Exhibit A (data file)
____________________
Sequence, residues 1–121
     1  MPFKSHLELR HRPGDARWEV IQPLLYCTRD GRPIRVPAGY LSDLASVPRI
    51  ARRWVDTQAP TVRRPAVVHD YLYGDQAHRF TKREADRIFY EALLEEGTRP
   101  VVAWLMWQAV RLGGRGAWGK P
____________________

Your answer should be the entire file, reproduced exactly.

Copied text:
Sequence, residues 1–121
     1  MPFKSHLELR HRPGDARWEV IQPLLYCTRD GRPIRVPAGY LSDLASVPRI
    51  ARRWVDTQAP TVRRPAVVHD YLYGDQAHRF TKREADRIFY EALLEEGTRP
   101  VVAWLMWQAV RLGGRGAWGK P